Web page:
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Lost Crops of Africa: Fruits, Volume III
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Lost Crops of Africa: Fruits, Volume III 3 CUSTARD APPLES The food markets of tropical America routinely exhibit a number of large green premium fruits whose soft and delicious pulp is likened to fruit-salad from a tree. Variously known as “sops” or “custard apples,” these attractive greenish globes include soursop (guanabana), sweetsop, custard apple, sugar apple, cherimoya, and bullock’s heart. In recent decades these delicacies have been planted ever more widely and certain ones have turned into popular commercial products in locations far beyond their ancestral home, including Europe, the United States, and Australia. What is not well known is that this famous fruit family (Annonaceae) has African members as well. These, however, are little studied and are not well understood even within their natural habitats. Now they deserve the same kind of attention as their botanical brethren across the Atlantic. One, the African custard apple, has been called “the best indigenous fruit in most parts of tropical Africa.” Another, the junglesop, produces probably the biggest fruits in the whole family—as long as a person’s forearm and as thick as a person’s thigh. A third—perhaps the strangest of all—“hangs like a bunch of sausages,” each fruit a bright scarlet link. At least two more produce small tasty fruits that make people’s mouths water at just the remembrance from a long-ago childhood. And this group includes a tangy fruit borne on a plant so strange that it barely rises above ground level. This is a good time to investigate these unusual fruits. Their American relatives, especially the highland cherimoya, are rising in horticultural importance throughout many parts of the world. And crosses between different species are creating hybrids that appear to have their own attractive futures. Clearly, the African counterparts should now join in this march of culinary progress. Scientifically speaking, Africa’s annonas are so neglected that their genetic variability still awaits discovery and description. Fruits of above-average in size and excellent taste exist in abundance. Gathering those should be a priority. Types with few or no seeds are known, and should also be sought. Certain plants also show other useful genetic traits. Some, for instance, grow upright while many others sprawl. In addition, hybrids between the African species and their American relatives may well produce brightly colored, larger fruits with few (or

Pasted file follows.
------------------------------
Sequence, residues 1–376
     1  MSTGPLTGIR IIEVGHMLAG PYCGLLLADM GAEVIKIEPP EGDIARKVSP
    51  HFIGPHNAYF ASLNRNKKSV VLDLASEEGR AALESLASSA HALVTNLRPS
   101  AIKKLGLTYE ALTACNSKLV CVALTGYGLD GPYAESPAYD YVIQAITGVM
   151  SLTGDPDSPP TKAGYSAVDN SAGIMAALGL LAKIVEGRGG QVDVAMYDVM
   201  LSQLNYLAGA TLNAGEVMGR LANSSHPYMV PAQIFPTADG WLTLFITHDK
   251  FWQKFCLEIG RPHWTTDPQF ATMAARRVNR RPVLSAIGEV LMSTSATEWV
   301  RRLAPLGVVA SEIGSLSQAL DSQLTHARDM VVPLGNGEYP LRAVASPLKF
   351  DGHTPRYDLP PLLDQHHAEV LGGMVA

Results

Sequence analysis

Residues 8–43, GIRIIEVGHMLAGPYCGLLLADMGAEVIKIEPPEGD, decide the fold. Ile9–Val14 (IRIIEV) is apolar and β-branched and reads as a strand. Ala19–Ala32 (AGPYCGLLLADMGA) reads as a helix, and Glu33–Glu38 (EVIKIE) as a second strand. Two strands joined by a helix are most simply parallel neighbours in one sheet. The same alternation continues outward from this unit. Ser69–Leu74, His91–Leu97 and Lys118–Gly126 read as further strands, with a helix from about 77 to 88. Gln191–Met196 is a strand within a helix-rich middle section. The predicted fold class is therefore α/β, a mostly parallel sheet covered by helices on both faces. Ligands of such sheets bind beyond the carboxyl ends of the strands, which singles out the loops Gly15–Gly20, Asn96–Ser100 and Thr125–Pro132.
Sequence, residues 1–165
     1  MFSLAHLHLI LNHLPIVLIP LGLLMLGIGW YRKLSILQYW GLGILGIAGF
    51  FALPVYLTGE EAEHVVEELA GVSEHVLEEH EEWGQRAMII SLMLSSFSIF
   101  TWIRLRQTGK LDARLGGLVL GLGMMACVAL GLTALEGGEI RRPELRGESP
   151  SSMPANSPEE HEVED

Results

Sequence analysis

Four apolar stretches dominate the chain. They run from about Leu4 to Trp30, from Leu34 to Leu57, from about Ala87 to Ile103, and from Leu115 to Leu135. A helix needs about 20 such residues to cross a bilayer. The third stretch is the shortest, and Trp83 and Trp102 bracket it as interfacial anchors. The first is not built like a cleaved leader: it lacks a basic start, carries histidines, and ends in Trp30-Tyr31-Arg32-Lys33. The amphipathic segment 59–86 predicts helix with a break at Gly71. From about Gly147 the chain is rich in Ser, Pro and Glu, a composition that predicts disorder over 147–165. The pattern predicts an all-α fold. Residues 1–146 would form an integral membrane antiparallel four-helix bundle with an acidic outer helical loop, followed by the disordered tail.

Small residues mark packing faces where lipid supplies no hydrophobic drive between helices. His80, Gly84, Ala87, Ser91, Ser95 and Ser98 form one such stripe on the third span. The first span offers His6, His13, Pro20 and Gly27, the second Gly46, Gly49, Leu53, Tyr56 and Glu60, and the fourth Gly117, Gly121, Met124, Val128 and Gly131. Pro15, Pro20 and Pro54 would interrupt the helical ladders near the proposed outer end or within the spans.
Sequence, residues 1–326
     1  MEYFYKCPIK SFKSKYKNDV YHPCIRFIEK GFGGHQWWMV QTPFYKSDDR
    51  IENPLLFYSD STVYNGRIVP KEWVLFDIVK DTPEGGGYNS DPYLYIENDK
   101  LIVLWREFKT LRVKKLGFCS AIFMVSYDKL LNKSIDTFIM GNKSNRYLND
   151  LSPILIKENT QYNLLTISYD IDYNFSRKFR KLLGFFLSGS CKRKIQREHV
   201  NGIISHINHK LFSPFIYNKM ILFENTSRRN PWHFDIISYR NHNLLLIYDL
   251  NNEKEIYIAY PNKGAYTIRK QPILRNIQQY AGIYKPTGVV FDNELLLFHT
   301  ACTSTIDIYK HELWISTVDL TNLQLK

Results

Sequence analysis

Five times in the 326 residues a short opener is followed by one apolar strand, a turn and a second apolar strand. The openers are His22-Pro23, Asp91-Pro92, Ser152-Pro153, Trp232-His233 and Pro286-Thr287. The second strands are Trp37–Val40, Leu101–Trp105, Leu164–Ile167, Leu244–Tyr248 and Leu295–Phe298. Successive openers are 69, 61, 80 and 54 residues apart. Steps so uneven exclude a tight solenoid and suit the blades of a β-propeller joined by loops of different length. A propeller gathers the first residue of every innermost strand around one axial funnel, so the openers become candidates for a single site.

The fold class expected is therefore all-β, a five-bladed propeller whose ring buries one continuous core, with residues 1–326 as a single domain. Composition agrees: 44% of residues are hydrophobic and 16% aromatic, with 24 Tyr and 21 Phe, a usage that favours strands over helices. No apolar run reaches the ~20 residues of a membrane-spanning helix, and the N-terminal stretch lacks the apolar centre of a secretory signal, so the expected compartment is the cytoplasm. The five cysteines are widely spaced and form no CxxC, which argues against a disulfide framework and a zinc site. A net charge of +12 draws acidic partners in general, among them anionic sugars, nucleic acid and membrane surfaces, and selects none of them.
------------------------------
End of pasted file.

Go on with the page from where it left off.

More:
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Lost Crops of Africa: Fruits, Volume III perhaps no) seeds. Those are genetic qualities that could bring breakthroughs to both sides of the Atlantic. However, much remains to be learned before anyone can cultivate the African species with confidence. At present, for example, many of the seeds are reluctant to germinate.1 And some of these species–junglesop is an example–take as long as 10 years to produce their first flowers. Vegetative propagation is apparently untried, but experiments along this line seem likely to overcome the delay as well as several other practical difficulties. All in all, then, these inter-related species comprise a great group for Africa-wide collaborations and for both professional and amateur contributions. As with other pre-domesticated species, urgent needs are: Making better use of the existing wild resource; Documenting traditional and modern usages; Collecting different species and types for comparative testing; Genetic selection; and Horticultural development. Philanthropists could help a lot. Funding any of these steps would immensely speed up the process of bringing these crops to modern life. Progress and satisfaction will not even be notably expensive. Notable interesting delights among local custard apples are described below. AFRICAN CUSTARD APPLE Best known among the indigenous annonas, African custard apple (Annona senegalensis)2 produces fruits that smell like pineapple and taste like apricot. Found from Senegal to South Africa, the tree is a surprisingly common companion to thousands of villages. People everywhere go out of their way to preserve a few trees around their houses or in the fields where the crops grow. But for all that, this species has never been awarded serious agronomic attention. If now given horticultural help, the African custard apple will likely become planted quite intensively and its fruits will become better foodstuffs, far more widely eaten and far more widely sold in local and city markets than they are today. As a result, the crop would contribute substantially to Africa’s future nutrition, not to mention its overall rural economy. 1 “Despite many attempts,” write our contributors Roy Danforth and Paul Noren, “we have been unable to germinate Annona senegalensis seeds except about two plants out of thousands of seeds.” 2 This plant’s botanic name is in dispute. The full formal name is Annona senegalensis Auct. Another name often cited, but apparently in error, is Annona senegalensis Pers. Some taxonomists denote the plant as Annona chrysophylla Boj.